Museum of the Moving Image

The Museum of the Moving Image, next to Kaufman Astoria Studios, was a total surprise for us. I found it also amazing how much this part of Long Island City now looks like TriBeCa in Manhattan. Can you say loft space everywhere?

A learned about kinetoscopes and Augustin and Louis Lumiere. He also learned about the marvel that is the film camera and sound microphone - with specimens of each from the late 1800s to today. Demonstrations by a wide-eyed NYU Film School graduate taught us sound and soundtrack editing, sound effects editing, dubbing, digital editing vs. traditional reel editing, and why the filmmakers' clapboard is so necessary in a film shoot. There was plenty of hands-on stuff to do. A re-mastered the sound effects for a scene Jurassic Park and I tried out different music soundtracks for a scene in the movie Twister. My voice was dubbed over Audrey Hepburn's in My Fair Lady, and A's was Denzel Washington's voice in the movie Glory. We created our own stop-action animation, and starred in a flipbook animation (you can actually purchase the 40-frame flipbook of your antics in front of the camera, at the Museum shop for $3.00).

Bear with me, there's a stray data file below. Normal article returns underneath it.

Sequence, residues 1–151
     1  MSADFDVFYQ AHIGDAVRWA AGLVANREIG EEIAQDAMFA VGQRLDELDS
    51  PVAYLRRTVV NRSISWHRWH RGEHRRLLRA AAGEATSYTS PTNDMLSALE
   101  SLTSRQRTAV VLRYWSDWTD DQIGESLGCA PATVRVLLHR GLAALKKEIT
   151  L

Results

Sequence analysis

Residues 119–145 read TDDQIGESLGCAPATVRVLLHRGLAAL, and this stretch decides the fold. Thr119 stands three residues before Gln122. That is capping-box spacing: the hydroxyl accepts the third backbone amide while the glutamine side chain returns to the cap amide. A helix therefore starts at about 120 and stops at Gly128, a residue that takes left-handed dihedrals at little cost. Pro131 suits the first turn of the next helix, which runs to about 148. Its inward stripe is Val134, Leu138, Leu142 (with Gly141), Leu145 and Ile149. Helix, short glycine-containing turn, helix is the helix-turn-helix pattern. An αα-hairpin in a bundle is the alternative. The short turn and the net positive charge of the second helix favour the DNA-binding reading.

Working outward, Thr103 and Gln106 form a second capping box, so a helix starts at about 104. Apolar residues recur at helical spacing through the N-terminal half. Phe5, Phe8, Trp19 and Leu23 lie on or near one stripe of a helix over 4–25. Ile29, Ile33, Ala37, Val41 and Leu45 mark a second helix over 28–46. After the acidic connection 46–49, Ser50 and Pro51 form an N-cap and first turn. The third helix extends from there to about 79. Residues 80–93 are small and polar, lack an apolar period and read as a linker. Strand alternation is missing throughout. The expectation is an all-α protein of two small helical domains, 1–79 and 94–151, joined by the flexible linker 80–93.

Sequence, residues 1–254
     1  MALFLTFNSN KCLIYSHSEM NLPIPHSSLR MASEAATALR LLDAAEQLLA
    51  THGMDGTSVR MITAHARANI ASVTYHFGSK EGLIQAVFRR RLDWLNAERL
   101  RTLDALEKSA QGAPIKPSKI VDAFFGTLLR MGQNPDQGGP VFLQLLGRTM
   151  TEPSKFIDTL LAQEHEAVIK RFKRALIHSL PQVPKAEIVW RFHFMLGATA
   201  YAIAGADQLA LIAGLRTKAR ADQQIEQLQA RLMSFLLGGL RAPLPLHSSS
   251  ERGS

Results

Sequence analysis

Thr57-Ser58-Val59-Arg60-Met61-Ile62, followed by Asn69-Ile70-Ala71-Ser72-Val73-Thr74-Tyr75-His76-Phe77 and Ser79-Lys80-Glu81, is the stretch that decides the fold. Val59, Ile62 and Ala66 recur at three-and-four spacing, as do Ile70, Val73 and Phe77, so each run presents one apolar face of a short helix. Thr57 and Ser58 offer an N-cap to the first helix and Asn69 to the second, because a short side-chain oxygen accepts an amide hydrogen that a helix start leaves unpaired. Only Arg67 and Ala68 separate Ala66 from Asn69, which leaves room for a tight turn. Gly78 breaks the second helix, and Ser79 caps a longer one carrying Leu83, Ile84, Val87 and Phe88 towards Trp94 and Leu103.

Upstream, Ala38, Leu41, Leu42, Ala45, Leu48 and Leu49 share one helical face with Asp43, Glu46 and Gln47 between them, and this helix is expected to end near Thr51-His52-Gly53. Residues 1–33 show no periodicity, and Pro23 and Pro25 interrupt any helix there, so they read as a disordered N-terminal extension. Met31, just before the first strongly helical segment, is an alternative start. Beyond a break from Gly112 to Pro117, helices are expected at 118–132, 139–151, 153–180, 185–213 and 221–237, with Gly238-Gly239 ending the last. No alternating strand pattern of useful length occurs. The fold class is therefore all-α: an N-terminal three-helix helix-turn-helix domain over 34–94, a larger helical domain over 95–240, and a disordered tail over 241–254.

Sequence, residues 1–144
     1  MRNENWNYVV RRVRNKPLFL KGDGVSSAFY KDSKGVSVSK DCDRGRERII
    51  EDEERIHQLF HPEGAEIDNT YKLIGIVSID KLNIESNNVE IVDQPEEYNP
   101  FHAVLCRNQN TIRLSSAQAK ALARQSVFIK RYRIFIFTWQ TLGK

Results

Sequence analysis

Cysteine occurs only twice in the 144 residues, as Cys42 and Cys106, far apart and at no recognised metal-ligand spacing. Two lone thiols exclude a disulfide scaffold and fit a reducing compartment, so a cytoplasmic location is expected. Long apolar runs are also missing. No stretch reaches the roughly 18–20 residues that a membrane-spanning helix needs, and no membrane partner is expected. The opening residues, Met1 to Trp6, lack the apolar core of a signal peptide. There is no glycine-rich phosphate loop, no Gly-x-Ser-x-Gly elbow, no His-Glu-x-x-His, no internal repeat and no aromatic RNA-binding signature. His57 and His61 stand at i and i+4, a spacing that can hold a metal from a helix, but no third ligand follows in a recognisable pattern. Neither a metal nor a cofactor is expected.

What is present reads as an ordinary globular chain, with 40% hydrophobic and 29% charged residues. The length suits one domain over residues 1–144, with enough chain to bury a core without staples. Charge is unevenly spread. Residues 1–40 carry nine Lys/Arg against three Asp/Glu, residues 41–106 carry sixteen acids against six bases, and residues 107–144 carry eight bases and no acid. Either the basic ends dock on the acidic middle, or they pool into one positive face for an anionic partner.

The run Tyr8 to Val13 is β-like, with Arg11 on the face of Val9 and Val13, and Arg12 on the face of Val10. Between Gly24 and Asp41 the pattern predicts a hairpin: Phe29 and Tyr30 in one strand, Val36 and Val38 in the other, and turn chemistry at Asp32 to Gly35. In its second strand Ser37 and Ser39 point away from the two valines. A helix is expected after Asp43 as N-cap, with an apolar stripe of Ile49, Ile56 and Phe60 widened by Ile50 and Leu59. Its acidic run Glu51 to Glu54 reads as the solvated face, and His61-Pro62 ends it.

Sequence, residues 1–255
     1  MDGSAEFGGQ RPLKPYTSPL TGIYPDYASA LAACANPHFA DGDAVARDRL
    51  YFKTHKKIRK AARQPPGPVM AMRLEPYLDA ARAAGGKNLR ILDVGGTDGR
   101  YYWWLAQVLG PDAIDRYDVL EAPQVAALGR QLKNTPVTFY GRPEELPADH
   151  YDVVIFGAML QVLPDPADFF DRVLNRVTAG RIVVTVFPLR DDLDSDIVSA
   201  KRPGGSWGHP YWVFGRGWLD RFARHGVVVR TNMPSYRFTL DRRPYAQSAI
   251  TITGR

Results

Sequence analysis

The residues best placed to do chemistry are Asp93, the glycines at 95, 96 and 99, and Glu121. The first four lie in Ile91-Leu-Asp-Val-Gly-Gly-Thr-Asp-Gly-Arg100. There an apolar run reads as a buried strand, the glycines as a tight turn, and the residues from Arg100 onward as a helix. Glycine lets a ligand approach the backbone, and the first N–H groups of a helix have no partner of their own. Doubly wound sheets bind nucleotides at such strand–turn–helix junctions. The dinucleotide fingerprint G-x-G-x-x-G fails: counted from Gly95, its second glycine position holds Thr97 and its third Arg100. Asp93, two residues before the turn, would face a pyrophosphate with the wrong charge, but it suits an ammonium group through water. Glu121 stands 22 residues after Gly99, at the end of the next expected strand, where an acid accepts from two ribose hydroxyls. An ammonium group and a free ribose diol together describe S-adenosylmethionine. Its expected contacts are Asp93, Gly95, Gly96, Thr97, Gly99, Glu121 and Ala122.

Among the many collectible pieces - including an actual Yoda created for The Empire Strikes Back, A Chewbacca headpiece worn by Peter Mayhew, an original Gumby costume worn by Eddie Murphy for SNL, and Catherine Zeta Jones' costuming for the movie Chicago - were cheezy/pop culture t.v. and film memorabilia collections from the 30's, 40's, 50's, 60's, 70's and beyond.

The Museum puts those tours at Universal Studios to shame. In addition to the demonstration film rooms, there is a small old-style cinema (see image of Tut cinema), and a screening room that seems to draw a dedicated cinephile audience.

No comments: